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The Conversing Club 3 (Posted on 2004-03-28) Difficulty: 5 of 5
Many members of the club disliked the lack of variety and togetherness at the club. Although the club still had 12 members, some members were threatening to quit because each schedule was so short and there were so few people around each table.

To satisfy their request, the club decided to seat themselves around a big table and create a longer schedule. The twelve members of the club seated themselves in a schedule such that during each block of 55 days, no person was between the same pair of people. How was the schedule constructed?

(Based on The Round Table)

No Solution Yet Submitted by Gamer    
Rating: 4.5714 (14 votes)

Comments: ( Back to comment list | You must be logged in to post comments.)
re(2): Partial seating arrangement generator | Comment 51 of 62 |
(In reply to re: Partial seating arrangement generator by Hugo)


I think your concentric circles are a good idea and I want to work with it to see if I can come up with something.  I'm positive that you need at least three wheels.  The way I see it, you want to keep two numbers next to each other as long as possible.  Minimizing the movement for each session will increase the total possible moves without re-occurance. 

You have to move at least 4 people for each meeting.

One of the first things I tried was to move all of the odd numbers clockwise, which is works out quite similar to your concentric circles.  Then I tried to find patterned sub-permutations for each position.  I consistantly found that I would eventually have a seating where 2 numbers out of the 12 were between two numbers they were previously between(I hope that makes sense, because it really sounded wierd saying it).  The question is, why didn't all 4 end up between two numbers they were previously between (Damn it! I did it again).  This led me to believe that my method was flawed.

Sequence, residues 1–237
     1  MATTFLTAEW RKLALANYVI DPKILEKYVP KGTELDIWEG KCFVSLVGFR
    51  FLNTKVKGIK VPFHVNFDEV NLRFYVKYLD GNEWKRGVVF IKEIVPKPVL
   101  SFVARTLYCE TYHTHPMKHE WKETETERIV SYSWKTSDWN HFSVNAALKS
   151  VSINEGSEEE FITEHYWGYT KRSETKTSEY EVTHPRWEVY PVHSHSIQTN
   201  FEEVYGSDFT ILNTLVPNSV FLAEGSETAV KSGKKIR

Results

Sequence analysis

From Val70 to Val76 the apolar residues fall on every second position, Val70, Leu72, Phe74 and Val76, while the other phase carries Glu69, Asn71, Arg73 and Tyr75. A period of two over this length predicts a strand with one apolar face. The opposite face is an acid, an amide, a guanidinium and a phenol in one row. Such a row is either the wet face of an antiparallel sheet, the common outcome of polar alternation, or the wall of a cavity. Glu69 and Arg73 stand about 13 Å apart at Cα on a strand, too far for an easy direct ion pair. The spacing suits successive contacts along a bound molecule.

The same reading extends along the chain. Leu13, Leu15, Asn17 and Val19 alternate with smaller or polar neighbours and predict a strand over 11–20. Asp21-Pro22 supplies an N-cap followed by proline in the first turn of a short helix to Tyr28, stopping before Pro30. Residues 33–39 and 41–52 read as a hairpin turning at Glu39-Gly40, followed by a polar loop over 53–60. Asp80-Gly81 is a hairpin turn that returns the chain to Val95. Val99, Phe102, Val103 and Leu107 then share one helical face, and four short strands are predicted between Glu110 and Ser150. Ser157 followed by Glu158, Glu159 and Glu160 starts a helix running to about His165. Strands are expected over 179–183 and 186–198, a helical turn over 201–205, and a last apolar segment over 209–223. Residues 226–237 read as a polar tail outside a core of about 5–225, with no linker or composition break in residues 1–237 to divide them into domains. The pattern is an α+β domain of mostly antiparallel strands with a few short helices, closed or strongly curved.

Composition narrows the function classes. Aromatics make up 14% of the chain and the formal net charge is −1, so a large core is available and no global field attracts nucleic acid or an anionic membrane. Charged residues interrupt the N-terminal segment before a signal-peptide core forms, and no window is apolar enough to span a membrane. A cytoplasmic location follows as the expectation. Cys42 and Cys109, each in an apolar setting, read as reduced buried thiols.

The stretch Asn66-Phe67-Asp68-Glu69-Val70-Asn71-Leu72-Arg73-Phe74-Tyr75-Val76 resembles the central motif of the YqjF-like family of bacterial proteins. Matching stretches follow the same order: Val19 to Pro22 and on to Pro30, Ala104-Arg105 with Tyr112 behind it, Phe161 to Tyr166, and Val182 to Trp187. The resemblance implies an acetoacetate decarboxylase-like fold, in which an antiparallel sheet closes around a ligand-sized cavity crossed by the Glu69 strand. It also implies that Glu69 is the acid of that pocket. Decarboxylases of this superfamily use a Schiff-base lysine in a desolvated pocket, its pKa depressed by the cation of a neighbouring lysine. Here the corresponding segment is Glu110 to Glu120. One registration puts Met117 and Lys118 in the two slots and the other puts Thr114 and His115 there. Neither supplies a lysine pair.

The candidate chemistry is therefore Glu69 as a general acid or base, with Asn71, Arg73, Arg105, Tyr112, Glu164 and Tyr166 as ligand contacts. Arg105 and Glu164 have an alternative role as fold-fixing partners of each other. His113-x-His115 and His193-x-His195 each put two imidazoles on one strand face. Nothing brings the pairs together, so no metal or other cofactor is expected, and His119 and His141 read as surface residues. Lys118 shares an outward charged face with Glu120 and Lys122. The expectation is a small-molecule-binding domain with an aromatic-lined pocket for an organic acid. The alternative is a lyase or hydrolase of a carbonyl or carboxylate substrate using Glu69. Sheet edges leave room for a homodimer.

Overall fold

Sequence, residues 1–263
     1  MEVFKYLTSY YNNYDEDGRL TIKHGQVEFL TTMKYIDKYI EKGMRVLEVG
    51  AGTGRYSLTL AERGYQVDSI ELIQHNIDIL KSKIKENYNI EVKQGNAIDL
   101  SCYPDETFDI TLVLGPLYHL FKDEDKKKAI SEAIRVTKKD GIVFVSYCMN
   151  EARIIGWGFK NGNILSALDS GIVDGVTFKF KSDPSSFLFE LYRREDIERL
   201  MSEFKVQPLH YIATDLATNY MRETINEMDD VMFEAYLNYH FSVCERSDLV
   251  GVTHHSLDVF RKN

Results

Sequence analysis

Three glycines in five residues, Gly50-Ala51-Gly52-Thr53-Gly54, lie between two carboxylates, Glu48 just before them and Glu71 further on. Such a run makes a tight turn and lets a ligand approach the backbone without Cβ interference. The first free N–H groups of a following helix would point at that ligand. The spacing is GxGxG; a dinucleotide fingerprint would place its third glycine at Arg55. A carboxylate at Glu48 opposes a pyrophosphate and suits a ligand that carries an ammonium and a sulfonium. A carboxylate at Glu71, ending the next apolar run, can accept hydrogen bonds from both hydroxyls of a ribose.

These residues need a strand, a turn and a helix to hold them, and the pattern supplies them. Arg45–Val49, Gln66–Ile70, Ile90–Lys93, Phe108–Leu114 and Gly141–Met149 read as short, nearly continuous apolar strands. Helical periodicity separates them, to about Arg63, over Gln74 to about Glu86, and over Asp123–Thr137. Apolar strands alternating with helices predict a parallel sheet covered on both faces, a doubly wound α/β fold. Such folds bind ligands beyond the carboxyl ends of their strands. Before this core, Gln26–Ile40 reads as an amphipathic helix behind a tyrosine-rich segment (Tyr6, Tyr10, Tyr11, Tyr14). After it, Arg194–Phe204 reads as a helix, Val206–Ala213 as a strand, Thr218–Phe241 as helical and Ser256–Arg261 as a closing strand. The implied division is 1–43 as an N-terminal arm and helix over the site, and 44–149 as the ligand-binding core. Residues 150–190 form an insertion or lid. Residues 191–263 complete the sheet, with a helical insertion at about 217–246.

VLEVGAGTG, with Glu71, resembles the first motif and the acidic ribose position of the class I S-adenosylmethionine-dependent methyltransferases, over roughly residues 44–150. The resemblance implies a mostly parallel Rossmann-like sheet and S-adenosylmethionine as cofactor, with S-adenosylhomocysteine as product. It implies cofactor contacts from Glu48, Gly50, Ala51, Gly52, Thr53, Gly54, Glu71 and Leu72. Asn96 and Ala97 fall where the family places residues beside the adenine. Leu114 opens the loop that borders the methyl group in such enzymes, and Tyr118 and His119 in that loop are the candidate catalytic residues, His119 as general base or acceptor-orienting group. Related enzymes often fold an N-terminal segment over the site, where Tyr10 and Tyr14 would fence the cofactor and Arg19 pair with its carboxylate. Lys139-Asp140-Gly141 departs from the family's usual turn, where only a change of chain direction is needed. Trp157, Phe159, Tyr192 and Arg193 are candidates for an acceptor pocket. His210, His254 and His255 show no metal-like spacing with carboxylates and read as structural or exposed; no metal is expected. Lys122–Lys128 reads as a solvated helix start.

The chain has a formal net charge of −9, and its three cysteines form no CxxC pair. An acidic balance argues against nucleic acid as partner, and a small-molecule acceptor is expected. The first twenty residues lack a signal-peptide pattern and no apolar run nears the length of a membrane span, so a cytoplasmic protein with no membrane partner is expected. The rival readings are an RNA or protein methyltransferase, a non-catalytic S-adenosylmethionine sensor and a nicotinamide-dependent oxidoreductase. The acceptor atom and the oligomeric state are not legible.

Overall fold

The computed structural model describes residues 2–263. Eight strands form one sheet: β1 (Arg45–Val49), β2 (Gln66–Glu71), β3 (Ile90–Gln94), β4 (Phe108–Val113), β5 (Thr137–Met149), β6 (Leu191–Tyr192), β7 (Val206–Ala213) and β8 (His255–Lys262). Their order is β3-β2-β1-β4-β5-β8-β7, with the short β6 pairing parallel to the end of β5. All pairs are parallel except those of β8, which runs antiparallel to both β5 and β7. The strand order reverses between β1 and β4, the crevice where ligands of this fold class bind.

My conclusion:  Moving 6 people at a time eliminated too many future possibilities.

Then I started moving only 4 people at a time using different patterns.  18 days was the best I got before running into an arrangement where only 2 not 4 were between two numbers they were previously between (It's like an addiction; I can't stop doing it).  At that point I would stop.

I decided early on that I'm looking  for a pattern, not random patterns that took me to 55 days.  If any pattern led me to a point where 2 and not 4(I'm not gonna say it), then there must be a better pattern.  I think this is logical. 

Then I considered that 4 is the minimum I can move.  6 is more than I want to move. What about 5?  Then I came up with the star idea. 

5 is one of my ideal numbers.  5*11=55 right? That's what I've really been looking for all along.  A pattern of 5 and 11.  (I don't know why other than my own stupidity)

What I want to do now is take your concentric circles idea and see if I can come up with some way to make 5 circles, with yeah you guessed it, 11 unique sub-permutations.

It will be a few days before I can work on it.  My job is shift work, and I'm on my 4 twelve hour night shift right now.  It's hard to think when you haven't slept.  (The proof:  check my postings.  I've said some pretty dumb things.)

What kills me is that Gamer originally posted this with a difficulty of 3. 

And now for something completely different:  "A moose once bit my sister." I bet you know where that came from.

  Posted by Bruce Brantley on 2004-09-20 08:46:09
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